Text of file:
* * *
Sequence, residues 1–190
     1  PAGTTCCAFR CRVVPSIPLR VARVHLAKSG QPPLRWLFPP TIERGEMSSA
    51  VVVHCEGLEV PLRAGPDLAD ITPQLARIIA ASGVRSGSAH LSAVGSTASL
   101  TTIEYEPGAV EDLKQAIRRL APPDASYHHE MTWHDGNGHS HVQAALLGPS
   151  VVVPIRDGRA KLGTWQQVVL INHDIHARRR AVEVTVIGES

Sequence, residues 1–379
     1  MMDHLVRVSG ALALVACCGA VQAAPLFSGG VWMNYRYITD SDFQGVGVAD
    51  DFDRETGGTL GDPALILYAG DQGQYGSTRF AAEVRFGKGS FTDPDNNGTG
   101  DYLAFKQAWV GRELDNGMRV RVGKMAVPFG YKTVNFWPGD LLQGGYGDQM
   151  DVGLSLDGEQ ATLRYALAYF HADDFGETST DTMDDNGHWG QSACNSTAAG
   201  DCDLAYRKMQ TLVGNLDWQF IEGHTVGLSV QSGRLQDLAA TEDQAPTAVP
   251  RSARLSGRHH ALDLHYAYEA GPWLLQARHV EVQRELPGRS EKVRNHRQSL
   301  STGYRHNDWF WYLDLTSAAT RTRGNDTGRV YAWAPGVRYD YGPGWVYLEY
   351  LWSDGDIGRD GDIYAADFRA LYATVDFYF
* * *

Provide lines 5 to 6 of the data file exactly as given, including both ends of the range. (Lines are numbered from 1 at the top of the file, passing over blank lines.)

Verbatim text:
   151  VVVPIRDGRA KLGTWQQVVL INHDIHARRR AVEVTVIGES

Sequence, residues 1–379